Two party system scores in this front for the party with the majority is in a better position to implement their agendas. Major regional parties in India Though there are numerous regional parties that dominate at the state level there are a few that have made their presence felt in the national arena. The regional parties capable of building the coalition with the Congress and the Bhartiya Janta Party and forming the government at the national level include two Communist parties of India, the Janata Dal, the Bahujan Samaj Party, the Rashtriya Janata Dal, and the Samajwadi Party.
Other prominent parties that have been partnering in alliances with national parties in the central government since the second half of the 1990s, regional parties include the Telugu Desam Party from Andhra Pradesh, the Dravida Munnetra Kazhagam or Anna Dravida Munnetra Kazhagam from Tamil Nandu, the Akali Dal of Punjab, or the Biju Janata Dal from Orissa. Dravida Munnetra Kazhagam Regional political parties in India have been the strongest in Tamil Nadu, where they have dominated state politics since 1967. The major regional party in Tamil Nadu is the DMK.
The DMK’s growth in the 1950s and 1960s is traced to the party giving greater representation to the “forward” non-Brahmins, although the most numerous caste group that supported the DMK through these years (the Vanniar) was a “most backward caste,” and the DMK mobilized many such groups. The DMK routed the Congress in the 1967 elections in Tamil Nadu and took control of the state government. Since then the party has played an important role at the Central level and has also been part of collation governments. Telugu Desam The Telugu Desam party has strong routes in Andhra Pradesh.
The party was formed by N. T. Rama Rao (popularly known as N. T. R. ), an actor who frequently played Hindu deities in Telugu-language films. The party was formed with the aim of enhancing Andhra Pradesh’s regional autonomy. The Telegu Desam ruled the state from 1983 to 1989 and played a key role in the formation of the National Front coalition government in 1989. The Akali Dal The party represents India’s Sikhs, who are concentrated in the state of Punjab. “It was first formed in the early 1920s to return control of gurdwaras (Sikh places of worship) to the orthodox Sikh religious community.
During the 1960s, the Akali Dal played an important role in the struggle for the creation of Punjab as a separate state with a Sikh majority”(James Heitzman, Robert L. Worden). Bahujan Samaj Party (BSP) “With increased visibility from the 1990s onwards, Dalit-educated generations have led political mobilization against the upper castes and proselytized among the masses of rural poor from within the folds of a Dalit-led political party, the Bahujan Samaj Party (BSP)” (Manuela Ciotti, 1).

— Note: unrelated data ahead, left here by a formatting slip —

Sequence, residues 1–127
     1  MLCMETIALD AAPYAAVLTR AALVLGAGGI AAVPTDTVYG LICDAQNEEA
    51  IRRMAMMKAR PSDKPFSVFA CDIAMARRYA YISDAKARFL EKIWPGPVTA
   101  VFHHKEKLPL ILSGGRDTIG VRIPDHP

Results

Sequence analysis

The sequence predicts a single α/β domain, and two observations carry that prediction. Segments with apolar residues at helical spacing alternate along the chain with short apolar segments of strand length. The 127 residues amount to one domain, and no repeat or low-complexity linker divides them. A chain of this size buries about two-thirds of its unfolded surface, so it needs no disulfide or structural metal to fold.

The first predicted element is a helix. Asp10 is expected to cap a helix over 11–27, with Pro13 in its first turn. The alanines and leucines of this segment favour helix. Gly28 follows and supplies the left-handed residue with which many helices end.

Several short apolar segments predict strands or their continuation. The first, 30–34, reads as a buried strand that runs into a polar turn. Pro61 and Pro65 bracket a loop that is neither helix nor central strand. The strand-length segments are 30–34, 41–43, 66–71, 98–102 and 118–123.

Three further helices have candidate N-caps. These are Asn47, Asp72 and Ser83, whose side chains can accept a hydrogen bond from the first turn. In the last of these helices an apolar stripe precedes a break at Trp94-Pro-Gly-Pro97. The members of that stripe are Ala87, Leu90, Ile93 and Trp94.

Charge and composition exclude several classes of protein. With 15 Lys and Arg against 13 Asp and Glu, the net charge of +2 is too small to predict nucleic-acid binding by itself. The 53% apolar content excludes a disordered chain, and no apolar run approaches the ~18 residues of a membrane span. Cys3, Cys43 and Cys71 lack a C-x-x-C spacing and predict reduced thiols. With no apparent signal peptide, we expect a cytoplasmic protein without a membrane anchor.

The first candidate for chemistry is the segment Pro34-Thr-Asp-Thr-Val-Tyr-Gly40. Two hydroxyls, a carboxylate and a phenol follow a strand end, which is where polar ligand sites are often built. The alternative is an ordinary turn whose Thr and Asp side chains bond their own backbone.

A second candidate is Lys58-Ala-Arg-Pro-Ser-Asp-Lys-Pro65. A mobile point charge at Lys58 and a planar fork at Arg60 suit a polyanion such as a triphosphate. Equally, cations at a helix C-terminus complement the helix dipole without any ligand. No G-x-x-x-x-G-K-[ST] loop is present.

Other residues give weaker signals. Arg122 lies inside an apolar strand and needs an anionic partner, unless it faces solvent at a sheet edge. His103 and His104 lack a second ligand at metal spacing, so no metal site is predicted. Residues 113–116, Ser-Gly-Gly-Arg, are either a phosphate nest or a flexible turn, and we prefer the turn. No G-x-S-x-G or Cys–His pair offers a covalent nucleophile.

The party was formed to chiefly represent Bahujans(OBC, SC, ST & Minorities), who are thought to be part of the bottom of the social ladder of the Indian caste system The party is pre-dominant in the Uttar Pradesh state of India, though it is now gradually making its presence felt at the national level. The BSP is a caste-based party formed to serve the lower classes or the Dalits concentrated in this northern state of India. Rashtriya Janta Dal The party was founded in 1997 by Laloo Prasad Yadav and is the predominant party in Bihar.
The RJD is also a member of India’s governing coalition led by the Congress Party. Conclusion India’s remarkable political stability and high degree of participation can be largely attributed to the multi-party system that provides adequate representation to various sections of the society. The multi-party system does not only serve to check political violence or temporary challenges to law and order but also s them to incorporate dissidence and opposition successfully into the political process paving the way for greater harmony and peaceful co-existence.
The multi-party system in India is not only responsive to any change in the shift of the public opinion but also each citizen to vote according to his or her ideology. It ensures that the two major parties, the Congress and the Bhartiya Janta Party moderates its views and does not have conservative and liberal swings. This also ensures that no single party can set a policy without challenge.
James Heitzman and Robert L. Worden, editors. India: A Country Study. Washington: GPO for the Library of Congress, 1995. P Chhibber, KW Kollman. American Political Science Review, 1998 – <http://www.polisci. berkeley. edu> 2 June 1998 Party Aggregation and the Number of Parties in India and the United States Kanchan Chandra. Why Ethnic Parties Succeed: Patronage and Ethnic Head Counts in India. Cambridge, New York: Cambridge University Press. 2004. ISBN 0-521-81452-9. Manuela Ciotti; ‘In the Past We Were a Bit “Chamar”‘: Education as a Self- and Community Engineering Process in Northern India. Journal of the Royal Anthropological Institute, Vol. 12, 2006. Mira Kamdar. India Multicultural Democracy at the Millennium World Policy Journal, Vol. 13, 1996.